As flooding continues to affect many areas of the region Christians are being encouraged to pray for all of those affected.
The Environment Agency has declared 130 flood warnings, while residents in parts of Cumbria were evacuated from their homes.
The Bishop of Carlisle, the Rt Revd James Newcome told Premier that through all the negative, he hopes that: "that out of all of this something very positive will come, in terms of developing relationships - kindness of all kinds shown, often in small but very significant ways, and a sense of people pulling together as they have in the past."
He said: "The last 24 hours have seen unprecedented weather conditions which have brought hardship to many living in Cumbria due to flooding.
"I live in Keswick so have seen for myself the terrible problems that this storm has created and fully sympathise with those affected."
So far more than £10,000 has been donated by the public after a £1 million appeal was launched to help people who have been affected by flooding across northern England.
The Cumbria Flood Recovery Fund 2015, launched by the Cumbria Community Foundation, aims to contribute to clean-up costs, emergency repairs, clothing, food and drink, heating and heating equipment, childcare equipment and basic furniture for individuals and families who already struggle financially.
Rt Revd James Newcome continued: "We must continue to pray for all these people and for all the emergency service personnel and volunteers who are working so hard to ensure people are safe and that properties are protected as much as they can be.
"Unfortunately, Cumbria has been hit by similar flood conditions in 2005 and 2009. On both occasions we saw communities rally together to provide mutual support and church families of all denominations extend the Christian hand of love and support to those who needed help.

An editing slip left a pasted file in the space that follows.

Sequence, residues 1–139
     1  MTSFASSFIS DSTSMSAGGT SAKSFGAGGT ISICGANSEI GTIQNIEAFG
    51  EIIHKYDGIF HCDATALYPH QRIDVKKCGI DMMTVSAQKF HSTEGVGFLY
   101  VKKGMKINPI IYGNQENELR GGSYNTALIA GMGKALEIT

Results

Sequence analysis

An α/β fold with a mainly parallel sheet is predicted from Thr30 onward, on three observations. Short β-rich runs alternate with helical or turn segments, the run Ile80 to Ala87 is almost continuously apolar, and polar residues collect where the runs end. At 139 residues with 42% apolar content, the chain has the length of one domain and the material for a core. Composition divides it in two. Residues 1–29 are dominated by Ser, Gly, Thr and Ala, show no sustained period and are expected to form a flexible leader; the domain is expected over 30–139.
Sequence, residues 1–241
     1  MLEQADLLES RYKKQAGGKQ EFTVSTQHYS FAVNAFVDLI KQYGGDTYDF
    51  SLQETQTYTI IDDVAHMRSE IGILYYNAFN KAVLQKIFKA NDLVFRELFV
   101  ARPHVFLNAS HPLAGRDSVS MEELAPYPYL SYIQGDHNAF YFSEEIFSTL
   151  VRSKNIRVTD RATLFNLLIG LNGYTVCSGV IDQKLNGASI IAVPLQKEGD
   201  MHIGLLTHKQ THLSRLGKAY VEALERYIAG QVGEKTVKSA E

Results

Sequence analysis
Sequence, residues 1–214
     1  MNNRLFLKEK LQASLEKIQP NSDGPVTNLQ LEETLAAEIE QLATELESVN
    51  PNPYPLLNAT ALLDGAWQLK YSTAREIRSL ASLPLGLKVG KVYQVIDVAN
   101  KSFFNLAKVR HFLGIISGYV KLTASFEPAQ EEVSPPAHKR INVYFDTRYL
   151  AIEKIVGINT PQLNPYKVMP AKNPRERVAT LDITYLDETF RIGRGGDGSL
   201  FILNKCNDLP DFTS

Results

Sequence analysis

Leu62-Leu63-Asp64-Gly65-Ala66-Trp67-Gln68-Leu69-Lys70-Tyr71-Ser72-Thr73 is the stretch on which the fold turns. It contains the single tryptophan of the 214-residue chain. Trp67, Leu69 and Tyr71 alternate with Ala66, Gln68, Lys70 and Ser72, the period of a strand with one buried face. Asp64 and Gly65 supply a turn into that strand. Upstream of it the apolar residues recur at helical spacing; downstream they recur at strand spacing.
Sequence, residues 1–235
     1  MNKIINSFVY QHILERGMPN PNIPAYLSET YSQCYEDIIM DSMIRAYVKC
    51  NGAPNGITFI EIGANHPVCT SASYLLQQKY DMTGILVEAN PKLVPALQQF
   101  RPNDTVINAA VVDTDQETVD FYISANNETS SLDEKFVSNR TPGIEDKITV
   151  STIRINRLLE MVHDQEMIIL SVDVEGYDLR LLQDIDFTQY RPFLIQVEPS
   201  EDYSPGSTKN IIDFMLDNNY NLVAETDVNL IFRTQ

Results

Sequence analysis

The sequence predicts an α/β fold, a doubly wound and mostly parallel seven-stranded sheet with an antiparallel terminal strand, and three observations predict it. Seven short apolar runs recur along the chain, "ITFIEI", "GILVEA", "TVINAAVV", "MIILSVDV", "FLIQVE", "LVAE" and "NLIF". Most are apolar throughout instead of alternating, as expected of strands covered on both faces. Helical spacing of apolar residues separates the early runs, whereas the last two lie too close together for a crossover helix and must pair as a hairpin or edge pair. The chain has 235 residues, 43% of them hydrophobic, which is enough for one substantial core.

"I appreciate how difficult the current conditions are but am confident that once again our churches will be providers of practical support and prayer."
Jonny Gios, Methodist Community Worker in Kendal is at the heart of the crisis in Kendal and told Premier that: "Our church is at risk of being flooding and therefore we've had to be evacuated from the evacuation centre, ot another evacuation centre, in the middle of town."
He added: "The river's burst its banks and there's been localised flooding - it's very difficult to get in or out of Kendle or across Kendle, as the river goes right across the town.
"The rain is not easing and we're likely to get more flooding."
Jonny Gois continued: "However the community spirit I've seen... where our church is has been fantastic.
"People coming out of their houses to help people, to slow cars down, to help rescue people from their houses - it's been amazing really."
Six years ago storms hit Cumbria and a policeman was swept to his death in floods in Workington in 2009.
The constable, Bill Barker, lost his life while directing traffic off the town's Northside Bridge when it collapsed on November 20 that year.
Meanwhile a man has died as Storm Desmond tore through Britain, bringing strong winds and heavy rain.
The 90-year-old man died near Finchley Central station, north London, is believed to have been blown into the side of a moving bus by a gust of wind, a Scotland Yard spokesman said.
Listen to Premier's Hannah Tooley speak to Bishop James Newcome here:
Listen to Premier's Ian Britton speak to Jonny Gios, Methodist Community Worker in Kendal, here: